(3) The division of Rome into two periodsmay be thought unwarranted. The first, orrepublican, period dates from the time whenRome became the mistress of Italy, and endswith the accession of Augustus. The imperialperiod extends from the accession ofAugustus to the death of Marcus Aurelius. Itis true that the empire survived nominallyfor more than a century after this date, but itdid so in constant confusion, rebellions, civilwars and barbarian invasions.
I am hardly the first person to note the parallels between the modern United States and ancient Rome. The comparisons are so obvious that my college history professors had to push people away from making the too-easy notes and force them to look deeper. Yet they are there, and they are real. In looking deeper, we must not forget that they exist. But more than anything, I’d like to call attention to point #4 on my list above.
As the US declines, nobody else is ready to take up the mantle.
The fact remains: on the open battlefield – be it land, sea, or air – no other military on earth can touch ours. Every other military is at least one full generation of technology and doctrine behind. That includes our western European allies. During the initial invasion of Afghanistan, our allies offered their aid. In most cases we either turned it down or imposed limits on it because their generation-old tech made it too difficult to integrate them effectively.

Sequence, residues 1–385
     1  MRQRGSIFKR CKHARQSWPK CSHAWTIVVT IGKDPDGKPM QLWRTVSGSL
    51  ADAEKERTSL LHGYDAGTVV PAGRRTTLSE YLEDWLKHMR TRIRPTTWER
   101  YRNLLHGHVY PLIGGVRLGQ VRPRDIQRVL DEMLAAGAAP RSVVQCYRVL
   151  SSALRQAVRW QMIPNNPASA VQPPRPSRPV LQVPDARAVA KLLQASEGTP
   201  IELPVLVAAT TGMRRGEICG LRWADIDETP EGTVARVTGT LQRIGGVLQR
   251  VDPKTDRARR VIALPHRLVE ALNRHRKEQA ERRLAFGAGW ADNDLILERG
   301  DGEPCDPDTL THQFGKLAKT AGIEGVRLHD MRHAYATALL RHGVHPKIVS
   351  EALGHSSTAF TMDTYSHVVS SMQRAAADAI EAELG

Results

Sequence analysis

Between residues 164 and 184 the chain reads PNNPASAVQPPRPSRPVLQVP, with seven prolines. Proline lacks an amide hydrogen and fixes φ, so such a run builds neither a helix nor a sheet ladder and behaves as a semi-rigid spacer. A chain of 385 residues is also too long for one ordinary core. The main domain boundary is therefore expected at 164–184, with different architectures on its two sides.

No other nation can even come close to the logistical capability that the US provides. It is often pointed out that we spend many multiples of the Europeans on our defense budget. It is equally often forgotten that they can spend so little because our European allies completely rely on the US for logistical capabilities. Indeed, this was official NATO doctrine for decades.
Economically, we remain in a similar boat. Our economy dwarfs everyone. The US still provides 14% of world GDP as of 2014, despite having only 5% of the world’s population. That’s well down from our peak, but not because our GDP has declined – it’s because China and other developing nations have actually been playing some catch up. Yet even though they passed our GDP as a percentage of world GDP in 2014, China did so representing 20% of the world’s population – five times ours.
Yes, 4th generation warfare is a real thing and the US sucks at it. This causes real problems to our military dominance.
Yes, our logistical capability is much more fragile than is often realized, and has also been in decline.
And yes, our economy is built on a foundation of debt that will likely soon prove to be catastrophic.